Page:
While governments wrestle with the fiscal and economic fallout of the recession, everyone wants to know how to avoid a repeat performance in another 10 or 15 years. Harvard “mind” guru Howard Gardner, author of a book called Five Minds for the Future, says “good work” depends on minds that are disciplined, synthesizing, creative, respectful and ethical. He says a person needs experience in all five in order to work productively with others.
Asked whether the current economic downturn is attributable, in some way, to our failure to cultivate the right kind of minds, Gardner answers:
“Without question, the answer is yes. What came to govern decisions everywhere, including my own university was a reckless disregard for experience, due diligence, caution and contemplating the down side of decisions. If anything, ‘deciders’ were selected and rewarded on the basis of whether they could cut corners and whether they could make it appear as if they were gaining ever greater profits.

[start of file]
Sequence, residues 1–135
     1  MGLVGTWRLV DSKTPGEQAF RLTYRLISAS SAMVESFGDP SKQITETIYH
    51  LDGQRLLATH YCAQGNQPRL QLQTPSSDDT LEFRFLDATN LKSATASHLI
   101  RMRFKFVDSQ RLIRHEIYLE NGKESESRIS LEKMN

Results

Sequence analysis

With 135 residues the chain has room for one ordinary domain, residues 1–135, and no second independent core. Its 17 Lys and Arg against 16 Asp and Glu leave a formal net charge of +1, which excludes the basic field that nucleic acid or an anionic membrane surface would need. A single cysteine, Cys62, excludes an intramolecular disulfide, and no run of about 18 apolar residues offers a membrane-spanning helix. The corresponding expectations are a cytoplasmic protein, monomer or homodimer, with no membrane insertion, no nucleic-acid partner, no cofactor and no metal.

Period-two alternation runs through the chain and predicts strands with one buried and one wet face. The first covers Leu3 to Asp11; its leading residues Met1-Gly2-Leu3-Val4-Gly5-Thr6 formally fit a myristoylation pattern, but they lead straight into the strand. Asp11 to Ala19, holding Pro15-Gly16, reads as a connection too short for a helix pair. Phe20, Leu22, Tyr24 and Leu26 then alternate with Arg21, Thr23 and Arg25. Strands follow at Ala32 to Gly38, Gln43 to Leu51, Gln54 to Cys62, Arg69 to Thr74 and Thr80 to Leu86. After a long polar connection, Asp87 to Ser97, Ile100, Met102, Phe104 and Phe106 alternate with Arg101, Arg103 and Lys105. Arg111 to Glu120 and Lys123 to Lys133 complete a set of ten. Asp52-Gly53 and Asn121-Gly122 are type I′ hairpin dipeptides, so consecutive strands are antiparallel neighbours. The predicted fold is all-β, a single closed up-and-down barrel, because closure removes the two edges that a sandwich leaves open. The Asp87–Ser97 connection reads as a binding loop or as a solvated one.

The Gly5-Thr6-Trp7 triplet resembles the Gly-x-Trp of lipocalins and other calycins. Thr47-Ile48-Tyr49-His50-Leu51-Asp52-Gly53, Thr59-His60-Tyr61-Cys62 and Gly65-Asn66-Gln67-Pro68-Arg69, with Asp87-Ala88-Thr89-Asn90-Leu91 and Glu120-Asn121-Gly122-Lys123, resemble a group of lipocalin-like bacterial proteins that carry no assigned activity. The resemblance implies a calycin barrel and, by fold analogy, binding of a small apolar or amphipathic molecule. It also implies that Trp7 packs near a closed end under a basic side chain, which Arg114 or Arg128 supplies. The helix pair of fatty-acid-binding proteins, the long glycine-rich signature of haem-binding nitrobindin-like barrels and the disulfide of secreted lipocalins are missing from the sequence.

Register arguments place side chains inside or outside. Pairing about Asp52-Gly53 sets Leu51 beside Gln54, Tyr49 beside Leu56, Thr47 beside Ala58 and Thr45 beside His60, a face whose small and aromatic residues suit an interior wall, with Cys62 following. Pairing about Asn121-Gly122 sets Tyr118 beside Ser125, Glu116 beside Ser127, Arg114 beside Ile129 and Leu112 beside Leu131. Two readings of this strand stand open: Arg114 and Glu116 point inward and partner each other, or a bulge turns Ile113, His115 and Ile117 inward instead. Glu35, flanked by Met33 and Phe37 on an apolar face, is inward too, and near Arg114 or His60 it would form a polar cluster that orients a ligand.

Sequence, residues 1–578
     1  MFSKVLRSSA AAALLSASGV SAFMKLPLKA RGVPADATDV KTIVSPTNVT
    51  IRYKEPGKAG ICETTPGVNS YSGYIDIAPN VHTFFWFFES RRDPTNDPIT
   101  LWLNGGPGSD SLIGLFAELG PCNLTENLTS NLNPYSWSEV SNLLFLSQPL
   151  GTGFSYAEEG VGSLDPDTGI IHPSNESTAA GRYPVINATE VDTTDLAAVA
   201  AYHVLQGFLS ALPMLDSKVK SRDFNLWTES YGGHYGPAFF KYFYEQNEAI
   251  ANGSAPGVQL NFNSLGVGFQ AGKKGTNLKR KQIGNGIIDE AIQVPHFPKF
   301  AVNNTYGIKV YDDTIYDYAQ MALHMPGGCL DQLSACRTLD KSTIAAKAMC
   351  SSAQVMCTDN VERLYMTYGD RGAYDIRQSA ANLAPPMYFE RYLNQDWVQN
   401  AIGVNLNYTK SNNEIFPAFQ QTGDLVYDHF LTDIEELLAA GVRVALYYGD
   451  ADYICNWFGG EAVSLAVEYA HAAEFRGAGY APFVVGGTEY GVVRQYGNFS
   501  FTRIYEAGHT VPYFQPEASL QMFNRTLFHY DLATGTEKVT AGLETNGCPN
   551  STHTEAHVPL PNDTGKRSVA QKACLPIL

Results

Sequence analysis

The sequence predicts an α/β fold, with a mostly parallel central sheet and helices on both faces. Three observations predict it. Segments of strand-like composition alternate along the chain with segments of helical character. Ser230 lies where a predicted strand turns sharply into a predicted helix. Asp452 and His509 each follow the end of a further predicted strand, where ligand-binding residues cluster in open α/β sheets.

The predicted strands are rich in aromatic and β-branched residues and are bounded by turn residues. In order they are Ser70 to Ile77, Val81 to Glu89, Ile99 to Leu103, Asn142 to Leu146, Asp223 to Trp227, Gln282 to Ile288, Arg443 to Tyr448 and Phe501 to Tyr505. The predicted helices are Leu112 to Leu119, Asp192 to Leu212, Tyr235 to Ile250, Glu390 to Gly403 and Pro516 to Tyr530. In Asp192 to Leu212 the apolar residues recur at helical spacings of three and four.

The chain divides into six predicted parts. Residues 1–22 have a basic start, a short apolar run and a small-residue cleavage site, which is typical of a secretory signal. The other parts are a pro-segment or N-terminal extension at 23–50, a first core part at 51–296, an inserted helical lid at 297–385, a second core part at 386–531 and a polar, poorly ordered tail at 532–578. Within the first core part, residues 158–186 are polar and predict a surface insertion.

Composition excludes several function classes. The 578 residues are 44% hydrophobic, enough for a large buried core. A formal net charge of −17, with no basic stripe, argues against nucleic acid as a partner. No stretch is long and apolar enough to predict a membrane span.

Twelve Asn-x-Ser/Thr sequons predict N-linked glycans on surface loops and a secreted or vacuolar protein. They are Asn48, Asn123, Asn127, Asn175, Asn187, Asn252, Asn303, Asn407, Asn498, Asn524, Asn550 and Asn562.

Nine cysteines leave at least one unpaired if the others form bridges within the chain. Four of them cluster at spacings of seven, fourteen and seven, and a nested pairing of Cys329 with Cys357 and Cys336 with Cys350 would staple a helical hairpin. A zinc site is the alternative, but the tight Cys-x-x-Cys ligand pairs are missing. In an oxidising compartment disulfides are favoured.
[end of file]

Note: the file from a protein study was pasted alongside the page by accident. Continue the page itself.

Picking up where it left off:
“I don’t want to claim that we were seers. But my colleagues and I began our GoodWork Project in 1994-’95, when we were skeptical of the claim that 'markets are self-adjusting and always lead to the best outcomes’. In order for markets to work, one needs wise policies, wise policymakers, tough regulation and, above all, individuals who behave in an ethical way and demand ethical behavior from others.
“Now 15 years later, people are approaching us from many sectors saying, ‘How do we secure good work? How can the young people, the future leaders of America, become good workers and citizens?’ We certainly don’t have all the answers, but I'd like to think that we can prevent more damage and help orient individuals toward responsible behaviors—actions that in the long run serve the general welfare, and not primarily the pockets of the so-called “masters of the universe.” ~ Scientific American, March 17